Delta AirlinesSince fuel costs will remain low at least through 2017, some transportation and leisure stocks look like good values here. These include both Delta Airlines (NYSE: DAL) and Southwest Airlines (NYSE: LUV) as well as Norwegian Cruise Lines (NASDAQ). All of these companies should continue to benefit from lower fuel costs. Their stocks also sell for substantially below the overall market multiple and all have seen some significant buys by insiders in recent months.

Earnings Growth Will Remain Hard To Come By:

The double-digit earnings growth forecasts for the S&P 500 that exist right now should be taken with a huge grain of salt. IE, they are probably not going to happen. As stated above, the third quarter is likely to be the sixth in a row that profits within the S&P 500 have fallen on a year-over-year basis.

The domestic economy remains stuck at the two percent growth levels that have existed throughout what is officially a “recovery” but does not feel like one for a good portion of the country. In addition, neither presidential candidate has shown the focus or will to tackle the regulatory, tax, and structural reforms necessary to get growth moving again along the trajectory of previous recoveries. Both are against additional trade agreements which could bolster growth as well. The best case scenario, therefore, is that we continue to muddle along at a very slow growth rate.

The sad part is the United States continues to be the best house in a bad neighborhood. Europe is barely above stall speed and Japan keeps going in and out of recession. China insists it is growing near their “official” seven percent growth rate targets, but no one really believes that. The WTO just knocked down global trade growth projections by a third to just 1.7% for 2016. Global trade has been growing at one and a half to two times the rate of global growth over the past two decades. Now it is growing at less than the anemic worldwide growth levels for the first time in 15 years.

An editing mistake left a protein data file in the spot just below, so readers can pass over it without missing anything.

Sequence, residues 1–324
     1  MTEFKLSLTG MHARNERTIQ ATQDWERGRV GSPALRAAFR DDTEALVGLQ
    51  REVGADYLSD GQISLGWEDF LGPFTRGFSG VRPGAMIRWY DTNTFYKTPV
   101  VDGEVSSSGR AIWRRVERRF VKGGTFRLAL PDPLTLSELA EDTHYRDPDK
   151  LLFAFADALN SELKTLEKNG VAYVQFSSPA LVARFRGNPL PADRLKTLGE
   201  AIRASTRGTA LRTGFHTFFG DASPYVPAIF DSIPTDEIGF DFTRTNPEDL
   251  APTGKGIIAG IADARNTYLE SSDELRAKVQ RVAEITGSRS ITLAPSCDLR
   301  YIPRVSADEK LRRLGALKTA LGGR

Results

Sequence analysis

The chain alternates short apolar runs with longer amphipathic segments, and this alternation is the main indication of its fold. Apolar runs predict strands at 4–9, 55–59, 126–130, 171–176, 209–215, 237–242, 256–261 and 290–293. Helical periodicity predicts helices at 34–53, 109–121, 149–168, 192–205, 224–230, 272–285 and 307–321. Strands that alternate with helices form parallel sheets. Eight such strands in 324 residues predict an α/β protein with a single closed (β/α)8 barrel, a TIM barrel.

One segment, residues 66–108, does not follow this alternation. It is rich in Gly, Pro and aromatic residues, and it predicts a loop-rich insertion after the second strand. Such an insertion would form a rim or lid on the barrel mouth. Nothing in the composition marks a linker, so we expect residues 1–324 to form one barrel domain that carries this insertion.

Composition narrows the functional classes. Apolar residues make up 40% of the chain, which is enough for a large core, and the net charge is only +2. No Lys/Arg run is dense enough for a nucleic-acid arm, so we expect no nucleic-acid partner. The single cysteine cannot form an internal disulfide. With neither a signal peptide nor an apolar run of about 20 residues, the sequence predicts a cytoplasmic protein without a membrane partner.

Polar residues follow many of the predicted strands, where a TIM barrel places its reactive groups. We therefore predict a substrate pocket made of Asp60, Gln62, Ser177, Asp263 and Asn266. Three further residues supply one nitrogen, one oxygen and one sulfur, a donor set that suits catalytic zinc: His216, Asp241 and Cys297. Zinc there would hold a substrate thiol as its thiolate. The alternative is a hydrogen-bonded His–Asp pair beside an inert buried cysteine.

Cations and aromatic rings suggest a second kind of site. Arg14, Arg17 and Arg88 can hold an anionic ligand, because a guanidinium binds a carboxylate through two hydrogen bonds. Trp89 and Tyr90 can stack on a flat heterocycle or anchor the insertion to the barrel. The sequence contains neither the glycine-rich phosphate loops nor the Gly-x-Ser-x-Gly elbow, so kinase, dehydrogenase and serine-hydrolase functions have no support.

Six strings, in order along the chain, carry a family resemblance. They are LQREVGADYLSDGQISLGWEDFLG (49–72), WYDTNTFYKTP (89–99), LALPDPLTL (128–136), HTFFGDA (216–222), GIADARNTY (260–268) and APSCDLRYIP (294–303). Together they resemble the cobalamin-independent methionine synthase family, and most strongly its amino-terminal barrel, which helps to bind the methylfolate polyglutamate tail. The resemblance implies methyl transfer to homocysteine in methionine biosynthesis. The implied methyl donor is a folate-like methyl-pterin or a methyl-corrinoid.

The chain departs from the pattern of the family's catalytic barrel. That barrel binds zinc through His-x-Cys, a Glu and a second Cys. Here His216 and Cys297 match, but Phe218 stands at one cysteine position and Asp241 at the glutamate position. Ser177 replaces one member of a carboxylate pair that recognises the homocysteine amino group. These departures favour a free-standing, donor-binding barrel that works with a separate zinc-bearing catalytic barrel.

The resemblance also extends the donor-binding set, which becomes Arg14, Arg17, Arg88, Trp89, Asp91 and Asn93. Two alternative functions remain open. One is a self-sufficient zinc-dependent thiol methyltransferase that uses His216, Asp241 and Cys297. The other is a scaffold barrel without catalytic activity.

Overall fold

AmgenWith a dearth of growth throughout the economy, companies that can continue to churn out both revenue and earnings growth should be increasingly valued by investors. I personally like large biotech concerns like Amgen (NYSE: AMGN) and AbbVie (NYSE: ABBV) who sell for below market valuations, continue to show growth and sport nice dividend yields. I also like the homebuilders

LennarI also like the homebuilders like Lennar (NYSE: LEN) or Toll Brothers (NYSE: TOL) that are selling considerably under the overall market multiple and should capitalize on the improving housing market to produce revenue and earnings growth in the low to mid-teens

Finding biotech stocks with upcoming catalysts for explosive growth like Xencor (up 87%), Artana Therapeutics (up 63%), and many more is a key component of my comprehensive strategy for massive profits in my newsletter, Biotech Gems.

Click here to find out more.

Positions: Long ABBV, AMGN, DAL, LEN, NCLH & TOL


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Category: Stocks

About the Author ()

Bret Jensen is the lead equities analyst with Investors Alley. He's the editor of their newsletters including The Growth Stock Advisor and Biotech Gems.